24. In addition to resegregation of existing public schools, predominately white private schools proliferated in response to integrated schools,62 and the percentage of the public school population that was minority increased substantially.63 Thus, de facto segregation increased not only within the public school system, but also as a result of the growing development of primarily white private education and increasingly minority public education. As the next section illustrates, this educational segregation has been accompanied by racially polarized voting, redistricting,64 and membership in the respective political parties.65 With Republican representatives representing largely white districts, their incentive to support public school funding at either the state or local level diminished as their own constituencies increasingly abandoned the public school system. On a local level, the increasing racial polarization has aggravated the already severe problems of unequal educational funding identified in San Antonio v. Rodriguez.
25. In addition to the public funds allocation decisions, private ordering exacerbates these problems of both income and racial segregation. Market-based private ordering in the United States appears to demonstrate that as more racial minorities are present in a given neighborhood, the valuation premium for a house in a given neighborhood declines.66 Put another way, the market systematically provides a higher valuation to neighborhoods with lower black presence (estimated as under 10 percent). Through the property-tax-based school financing scheme common across the United States, higher valuation neighborhoods are in turn more able to provide resources for the funding of elementary and primary education. The market’s message is clear: if racial minorities are discouraged from living in a neighborhood, each homeowner is better able to preserve the value of his or her house – a principal asset of many people in the United States. The obvious result is that racial minorities are concentrated – whatever their wealth level – in housing patterns that preserve valuations of essentially majority-only localities.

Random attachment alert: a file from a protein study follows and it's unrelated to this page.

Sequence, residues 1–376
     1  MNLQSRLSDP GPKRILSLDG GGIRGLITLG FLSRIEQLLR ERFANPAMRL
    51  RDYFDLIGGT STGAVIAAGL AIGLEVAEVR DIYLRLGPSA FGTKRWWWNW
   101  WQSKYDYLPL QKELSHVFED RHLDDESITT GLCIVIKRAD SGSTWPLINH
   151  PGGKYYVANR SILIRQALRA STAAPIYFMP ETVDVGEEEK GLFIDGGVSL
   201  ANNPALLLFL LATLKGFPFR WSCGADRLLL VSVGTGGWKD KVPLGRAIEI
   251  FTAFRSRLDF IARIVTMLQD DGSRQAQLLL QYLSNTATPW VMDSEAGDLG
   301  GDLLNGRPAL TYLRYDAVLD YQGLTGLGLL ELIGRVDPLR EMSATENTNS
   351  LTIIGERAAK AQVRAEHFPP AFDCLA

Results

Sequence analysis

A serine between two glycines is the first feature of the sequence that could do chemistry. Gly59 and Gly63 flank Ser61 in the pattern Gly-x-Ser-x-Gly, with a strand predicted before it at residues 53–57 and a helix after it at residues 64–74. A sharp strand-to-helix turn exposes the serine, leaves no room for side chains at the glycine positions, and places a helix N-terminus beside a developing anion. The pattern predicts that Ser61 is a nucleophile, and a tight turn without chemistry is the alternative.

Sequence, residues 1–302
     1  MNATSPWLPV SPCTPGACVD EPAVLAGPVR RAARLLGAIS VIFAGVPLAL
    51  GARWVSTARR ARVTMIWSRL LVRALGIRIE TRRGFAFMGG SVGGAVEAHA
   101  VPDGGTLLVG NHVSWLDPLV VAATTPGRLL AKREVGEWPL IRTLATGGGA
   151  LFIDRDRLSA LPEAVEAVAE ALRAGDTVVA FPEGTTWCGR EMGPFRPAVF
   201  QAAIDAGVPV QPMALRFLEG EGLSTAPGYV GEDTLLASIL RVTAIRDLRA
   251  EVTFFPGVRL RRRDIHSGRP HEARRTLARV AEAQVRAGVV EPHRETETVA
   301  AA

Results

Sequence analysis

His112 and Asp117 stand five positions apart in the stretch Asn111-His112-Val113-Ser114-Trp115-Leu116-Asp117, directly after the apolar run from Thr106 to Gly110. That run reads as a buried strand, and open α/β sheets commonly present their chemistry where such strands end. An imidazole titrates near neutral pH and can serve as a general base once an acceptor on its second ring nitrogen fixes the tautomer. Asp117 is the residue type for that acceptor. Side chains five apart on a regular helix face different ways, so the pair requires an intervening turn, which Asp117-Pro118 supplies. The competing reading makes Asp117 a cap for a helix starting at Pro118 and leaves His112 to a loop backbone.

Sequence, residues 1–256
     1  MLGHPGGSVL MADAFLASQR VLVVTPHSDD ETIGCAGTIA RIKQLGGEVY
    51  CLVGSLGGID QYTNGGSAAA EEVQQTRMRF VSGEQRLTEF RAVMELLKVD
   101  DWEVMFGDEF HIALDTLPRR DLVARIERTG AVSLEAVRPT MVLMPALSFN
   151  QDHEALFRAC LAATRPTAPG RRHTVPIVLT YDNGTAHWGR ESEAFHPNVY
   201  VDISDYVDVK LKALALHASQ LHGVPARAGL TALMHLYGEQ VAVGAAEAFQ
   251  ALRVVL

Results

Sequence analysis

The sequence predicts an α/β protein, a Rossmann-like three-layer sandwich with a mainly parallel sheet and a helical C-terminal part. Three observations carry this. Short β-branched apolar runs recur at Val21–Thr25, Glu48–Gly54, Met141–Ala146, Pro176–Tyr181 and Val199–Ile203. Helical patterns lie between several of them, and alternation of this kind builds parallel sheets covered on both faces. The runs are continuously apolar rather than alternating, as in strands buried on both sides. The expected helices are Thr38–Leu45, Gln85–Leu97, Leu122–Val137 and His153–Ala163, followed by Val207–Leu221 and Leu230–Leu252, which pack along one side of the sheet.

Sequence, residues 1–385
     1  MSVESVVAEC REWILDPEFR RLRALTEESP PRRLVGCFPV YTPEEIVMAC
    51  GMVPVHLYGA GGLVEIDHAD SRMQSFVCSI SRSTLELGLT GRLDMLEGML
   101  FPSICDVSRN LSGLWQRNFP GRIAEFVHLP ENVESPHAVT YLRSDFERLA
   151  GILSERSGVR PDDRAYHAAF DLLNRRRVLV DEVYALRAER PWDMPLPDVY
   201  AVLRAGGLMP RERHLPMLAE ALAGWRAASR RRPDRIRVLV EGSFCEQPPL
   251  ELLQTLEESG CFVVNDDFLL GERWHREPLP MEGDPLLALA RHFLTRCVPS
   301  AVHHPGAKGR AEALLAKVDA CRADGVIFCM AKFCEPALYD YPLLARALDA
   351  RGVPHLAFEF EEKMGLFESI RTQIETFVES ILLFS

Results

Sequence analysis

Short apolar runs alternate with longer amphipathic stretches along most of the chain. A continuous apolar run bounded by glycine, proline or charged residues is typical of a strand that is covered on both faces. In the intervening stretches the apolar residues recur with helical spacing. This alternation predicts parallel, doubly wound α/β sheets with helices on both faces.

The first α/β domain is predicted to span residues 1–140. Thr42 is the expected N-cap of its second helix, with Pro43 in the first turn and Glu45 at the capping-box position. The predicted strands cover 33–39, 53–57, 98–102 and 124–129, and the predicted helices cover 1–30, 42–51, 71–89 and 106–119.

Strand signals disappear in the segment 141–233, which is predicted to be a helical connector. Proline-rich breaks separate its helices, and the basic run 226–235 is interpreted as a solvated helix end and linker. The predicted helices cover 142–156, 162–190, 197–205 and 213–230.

26. Even when majority persons seek bargain housing by moving into minority-concentrated neighborhoods through a process described as gentrification, at key tipping points racial minorities are both 1) priced out of neighborhoods through housing and rent price increases where majority persons enter, and also are 2) discouraged from accessing housing as a result of the wealth effect incentive that the market provides for low minority presence in majority neighborhoods.
27. The combination of these public and private actions contributes to the erosion of the position of racial minorities in the educational system. Although one could imagine that minority-voting patterns might seek to alter the allocation of resources through public funding, there are further forces at work. There is a concerted ideological effort in the name of “voter integrity” that attempts in state law to erect or increase hurdles to the voting process in local, state, and federal elections.67
28. Voting restrictions have been implemented in a wide number of states since 2010, as is demonstrated in the map below.68

“The new laws range from photo ID requirements to early voting cutbacks to voter registration restrictions. Partisanship and race were key factors in this movement. Most restrictions passed through GOP-controlled (Note to the CERD: “Grand Old Party” colloquial name for the Republican predominantly white political party of the two major political parties in the U.S.) legislatures and in states with increases in minority turnout.

•In 15 states, 2014 will be the first major federal election with these new restrictions in place. Ongoing court cases could affect laws in six of these states.

•The courts will play a crucial role in 2014, with ongoing suits challenging laws in seven states. Voting advocates have filed suits in both federal and state courts challenging new restrictions, and those suits are ongoing in seven states — Arizona, Arkansas, Kansas, North Carolina, Ohio, Texas, and Wisconsin. There is also an ongoing case in Iowa over administrative action that could restrict voting. More cases are possible as we get closer to the election.”69
29. The racial component of these voting restrictions is borne out in the analysis of the patterns of where these restrictions have been put in place.